Madhuri's Reviews > Wolf Hall

Wolf Hall by Hilary Mantel
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's review
Feb 18, 10

bookshelves: booker, history
Read from January 29 to February 18, 2010

It is after a long time that I have enjoyed reading good historical fiction. Mantel's tale is interesting and very well written. Through the eyes of Thomas Cromwell, a man of low stature who rose to power through his dexterity and cunning, she has described the time of Henry VII's rule, and his separation with the Roman church. Her descriptions of those times are graphic, and by using an opportunistic, un-philosophical but observant and central narrator, she has managed to pack in a lot of detail. Her writing is pleasurable, and every once in a while you encounter phrases which are beautiful.
What I didn't like about the book is its length. In a historical fiction, reference material is usually resplendent, and the merit of the author is in selection of which incidents to deal with in the book. Something which Mantel seems to have faltered at. At 650 pages, here book is daunting, and gets tedious when similar incidents with similar morals keep re-appearing. The number of characters are numerous and sometimes it is very difficult to keep track. Especially so if you do your reading at the end of the day!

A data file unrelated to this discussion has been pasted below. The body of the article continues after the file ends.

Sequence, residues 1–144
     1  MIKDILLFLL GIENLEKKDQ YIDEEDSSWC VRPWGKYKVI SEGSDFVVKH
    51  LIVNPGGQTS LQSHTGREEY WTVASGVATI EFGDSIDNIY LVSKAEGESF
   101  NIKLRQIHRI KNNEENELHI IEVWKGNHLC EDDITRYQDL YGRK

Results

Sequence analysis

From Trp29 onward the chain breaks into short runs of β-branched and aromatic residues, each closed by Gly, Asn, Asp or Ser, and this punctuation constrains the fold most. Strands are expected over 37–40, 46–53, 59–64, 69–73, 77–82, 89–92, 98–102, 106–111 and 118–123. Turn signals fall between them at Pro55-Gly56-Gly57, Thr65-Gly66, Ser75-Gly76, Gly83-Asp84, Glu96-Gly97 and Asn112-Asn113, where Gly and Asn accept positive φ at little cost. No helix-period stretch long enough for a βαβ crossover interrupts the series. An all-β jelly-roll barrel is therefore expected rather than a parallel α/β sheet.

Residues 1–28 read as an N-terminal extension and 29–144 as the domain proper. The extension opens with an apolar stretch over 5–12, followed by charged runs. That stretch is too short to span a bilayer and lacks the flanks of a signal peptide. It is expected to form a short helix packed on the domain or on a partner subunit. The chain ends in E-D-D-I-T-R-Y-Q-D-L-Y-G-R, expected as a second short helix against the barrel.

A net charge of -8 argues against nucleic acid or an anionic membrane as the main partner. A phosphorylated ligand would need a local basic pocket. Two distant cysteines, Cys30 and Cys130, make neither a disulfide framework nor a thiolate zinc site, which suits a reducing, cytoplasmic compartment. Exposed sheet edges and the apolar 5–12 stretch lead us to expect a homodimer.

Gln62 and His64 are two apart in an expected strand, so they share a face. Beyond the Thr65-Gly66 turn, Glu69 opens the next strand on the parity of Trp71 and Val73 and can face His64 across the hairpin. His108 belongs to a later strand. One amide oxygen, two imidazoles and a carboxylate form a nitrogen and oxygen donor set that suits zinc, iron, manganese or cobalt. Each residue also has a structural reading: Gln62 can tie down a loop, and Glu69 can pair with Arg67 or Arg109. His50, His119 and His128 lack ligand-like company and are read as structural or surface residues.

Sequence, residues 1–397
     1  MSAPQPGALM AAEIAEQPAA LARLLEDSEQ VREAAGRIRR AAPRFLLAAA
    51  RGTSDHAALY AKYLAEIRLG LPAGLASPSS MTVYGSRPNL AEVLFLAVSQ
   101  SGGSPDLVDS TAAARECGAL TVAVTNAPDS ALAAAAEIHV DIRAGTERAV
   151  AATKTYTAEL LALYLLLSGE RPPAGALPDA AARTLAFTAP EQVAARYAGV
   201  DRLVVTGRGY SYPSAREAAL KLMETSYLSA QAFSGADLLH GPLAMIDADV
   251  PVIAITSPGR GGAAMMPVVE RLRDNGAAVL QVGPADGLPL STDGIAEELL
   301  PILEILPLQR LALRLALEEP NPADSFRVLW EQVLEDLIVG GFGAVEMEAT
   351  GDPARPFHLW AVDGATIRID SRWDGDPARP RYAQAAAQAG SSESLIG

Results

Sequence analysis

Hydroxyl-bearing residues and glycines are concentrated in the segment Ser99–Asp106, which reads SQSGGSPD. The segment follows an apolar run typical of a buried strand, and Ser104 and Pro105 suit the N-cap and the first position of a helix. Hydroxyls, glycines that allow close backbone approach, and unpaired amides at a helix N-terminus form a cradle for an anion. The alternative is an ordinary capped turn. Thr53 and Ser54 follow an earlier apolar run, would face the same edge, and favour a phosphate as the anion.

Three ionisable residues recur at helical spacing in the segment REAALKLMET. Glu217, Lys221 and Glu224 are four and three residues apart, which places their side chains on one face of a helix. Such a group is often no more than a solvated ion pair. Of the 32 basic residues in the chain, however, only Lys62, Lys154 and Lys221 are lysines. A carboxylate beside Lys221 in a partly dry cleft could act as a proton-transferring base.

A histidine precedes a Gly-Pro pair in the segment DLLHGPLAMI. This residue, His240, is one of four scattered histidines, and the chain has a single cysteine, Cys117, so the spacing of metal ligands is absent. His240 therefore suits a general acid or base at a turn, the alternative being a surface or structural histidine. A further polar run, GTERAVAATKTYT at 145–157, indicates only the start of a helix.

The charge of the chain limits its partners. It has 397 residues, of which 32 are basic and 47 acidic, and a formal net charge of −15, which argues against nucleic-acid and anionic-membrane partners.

The other problem is almost a lack of thought in the book. A fallout of a king with Rome is a major event, one with several theological, political aspects. But at no point do the characters seem to dwell on these issues, which seems a bit surprising. Surely, a parliament could not have made the king head of church without facing dilemmas. Though a lot of court proceedings are mentioned - the arguments in neither are presented in the text. Having looked forward to such discussions while picking up the book, I was a little disappointed with the straight jacket narration.

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